Buckingham Palace

Buckingham Palace is the official London residence and principal workplace of the British monarch. Located in the City of Westminster, the palace is a setting for state occasions and royal hospitality. It has been a focus for the British people at times of national rejoicing and crisis.

Originally known as Buckingham House, the building which forms the core of today's palace was a large townhouse built for the Duke of Buckingham in 1705 on a site which had been in private ownership for at least 150 years. It was subsequently acquired by George III in 1761 as a private residence for Queen Charlotte, and known as "The Queen's House". During the 19th century it was enlarged, principally by architects John Nash and Edward Blore, forming three wings around a central courtyard. Buckingham Palace finally became the official royal palace of the British monarch on the accession of Queen Victoria in 1837. The last major structural additions were made in the late 19th and early 20th centuries, including the East front which contains the well-known balcony on which the royal family traditionally congregates to greet crowds outside. However, the palace chapel was destroyed by a German bomb in World War II; the Queen's Gallery was built on the site and opened to the public in 1962 to exhibit works of art from the Royal Collection.

The original early 19th-century interior designs, many of which still survive, included widespread use of brightly coloured scagliola and blue and pink lapis, on the advice of Sir Charles Long. King Edward VII oversaw a partial redecoration in a Belle Époque cream and gold colour scheme. Many smaller reception rooms are furnished in the Chinese regency style with furniture and fittings brought from the Royal Pavilion at Brighton and from Carlton House. The Buckingham Palace Garden is the largest private garden in London.

The state rooms, used for official and state entertaining, are open to the public each year for most of August and September, as part of the Palace's Summer Opening.

Read more about Buckingham PalaceHome of The Monarch, Modern History

Other articles related to "buckingham palace, palace, buckingham":

Court Circular - Present Day
... in the Court Circular Name Residences Styled Elizabeth II Buckingham Palace Windsor Castle Sandringham House Balmoral Castle Holyrood Palace Various Government Houses The ...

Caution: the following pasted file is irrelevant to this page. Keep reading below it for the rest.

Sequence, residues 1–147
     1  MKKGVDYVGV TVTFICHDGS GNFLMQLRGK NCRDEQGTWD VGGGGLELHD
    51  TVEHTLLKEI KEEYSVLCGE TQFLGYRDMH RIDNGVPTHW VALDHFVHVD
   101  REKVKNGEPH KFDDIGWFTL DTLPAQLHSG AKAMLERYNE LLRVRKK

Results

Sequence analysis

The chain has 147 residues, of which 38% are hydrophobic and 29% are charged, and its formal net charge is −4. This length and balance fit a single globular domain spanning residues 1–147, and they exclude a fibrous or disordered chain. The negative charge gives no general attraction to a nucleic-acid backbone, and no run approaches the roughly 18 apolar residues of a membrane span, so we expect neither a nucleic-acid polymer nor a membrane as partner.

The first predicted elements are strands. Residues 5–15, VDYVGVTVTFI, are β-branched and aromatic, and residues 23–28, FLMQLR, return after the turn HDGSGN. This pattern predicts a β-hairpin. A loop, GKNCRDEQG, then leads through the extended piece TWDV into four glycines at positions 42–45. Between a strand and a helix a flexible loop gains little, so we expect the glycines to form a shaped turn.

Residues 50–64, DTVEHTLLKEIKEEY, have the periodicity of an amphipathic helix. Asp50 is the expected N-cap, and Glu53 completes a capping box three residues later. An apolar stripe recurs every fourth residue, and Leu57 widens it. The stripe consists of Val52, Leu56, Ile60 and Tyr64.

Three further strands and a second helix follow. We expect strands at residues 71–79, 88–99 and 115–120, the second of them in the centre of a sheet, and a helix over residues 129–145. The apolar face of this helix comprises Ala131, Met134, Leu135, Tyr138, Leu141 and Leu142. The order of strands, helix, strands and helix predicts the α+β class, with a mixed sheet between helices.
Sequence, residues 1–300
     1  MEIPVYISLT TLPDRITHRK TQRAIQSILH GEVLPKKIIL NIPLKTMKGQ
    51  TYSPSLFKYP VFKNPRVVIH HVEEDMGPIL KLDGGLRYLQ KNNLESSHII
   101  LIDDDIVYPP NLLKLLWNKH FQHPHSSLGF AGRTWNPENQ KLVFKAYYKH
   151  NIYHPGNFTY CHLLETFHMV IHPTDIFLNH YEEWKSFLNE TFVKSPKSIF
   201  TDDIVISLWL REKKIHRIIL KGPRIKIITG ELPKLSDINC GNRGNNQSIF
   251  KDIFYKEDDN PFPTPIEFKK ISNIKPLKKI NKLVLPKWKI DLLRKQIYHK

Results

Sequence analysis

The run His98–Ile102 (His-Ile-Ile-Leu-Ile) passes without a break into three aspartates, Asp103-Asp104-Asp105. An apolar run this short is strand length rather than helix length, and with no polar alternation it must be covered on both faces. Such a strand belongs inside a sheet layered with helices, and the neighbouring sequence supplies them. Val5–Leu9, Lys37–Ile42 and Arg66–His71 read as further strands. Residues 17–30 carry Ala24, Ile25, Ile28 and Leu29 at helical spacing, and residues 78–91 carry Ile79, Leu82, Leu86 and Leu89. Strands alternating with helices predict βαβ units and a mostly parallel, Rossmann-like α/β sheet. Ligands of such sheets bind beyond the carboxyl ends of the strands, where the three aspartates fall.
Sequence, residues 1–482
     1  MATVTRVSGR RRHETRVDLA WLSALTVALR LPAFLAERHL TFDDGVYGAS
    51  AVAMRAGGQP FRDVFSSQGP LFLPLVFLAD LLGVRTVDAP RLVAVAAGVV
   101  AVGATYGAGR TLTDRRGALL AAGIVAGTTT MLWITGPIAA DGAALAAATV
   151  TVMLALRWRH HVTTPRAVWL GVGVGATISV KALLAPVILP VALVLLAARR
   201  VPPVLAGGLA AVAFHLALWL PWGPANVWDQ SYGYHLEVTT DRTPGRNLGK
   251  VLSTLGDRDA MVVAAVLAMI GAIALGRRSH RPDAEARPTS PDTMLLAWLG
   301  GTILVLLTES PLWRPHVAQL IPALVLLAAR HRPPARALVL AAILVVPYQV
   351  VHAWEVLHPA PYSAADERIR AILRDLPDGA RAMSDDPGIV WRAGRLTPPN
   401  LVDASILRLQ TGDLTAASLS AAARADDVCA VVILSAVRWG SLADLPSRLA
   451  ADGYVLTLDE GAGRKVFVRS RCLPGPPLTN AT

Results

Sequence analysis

Buckingham Palace - Modern History - 21st Century: Royal Use and Public Access
... The Forecourt of Buckingham Palace is used for Changing of the Guard, a major ceremony and tourist attraction (daily during the summer months every other ... The palace, like Windsor Castle, is owned by the British state ... Many of the contents from Buckingham Palace, Windsor Castle, Kensington Palace and St ...
Death Of Diana, Princess Of Wales - Reactions - Royal Family
... In particular, the refusal of Buckingham Palace to fly the Royal Standard at half-mast provoked angry headlines in newspapers ... The Palace's stance was one of royal protocol no flag could fly over Buckingham Palace, as the Royal Standard is only flown when the Queen is in residence, and ... This set a precedent, and Buckingham Palace has subsequently flown the Union Flag when the Queen is not in residence ...
Buckingham Gate
... Buckingham Gate is a street in London, England, near Buckingham Palace. 24) and 51 Buckingham Gate, a 5* hotel, are located here ... At the north-west end is a junction with Buckingham Palace Road and Birdcage Walk opposite Buckingham Palace ...
Royal Collection - Galleries - Sculpture
1815-17 (The Ministers' Staircase, Buckingham Palace) Fountain nymph, 1819 (The Marble Hall, Buckingham Palace) Dirce, 1824 (The Marble Hall, Buckingham Palace) François Girardon - 1 item ...

Famous quotes containing the word palace:

    The youth gets together his materials to build a bridge to the moon, or, perchance, a palace or temple on the earth, and, at length, the middle-aged man concludes to build a woodshed with them.
    Henry David Thoreau (1817–1862)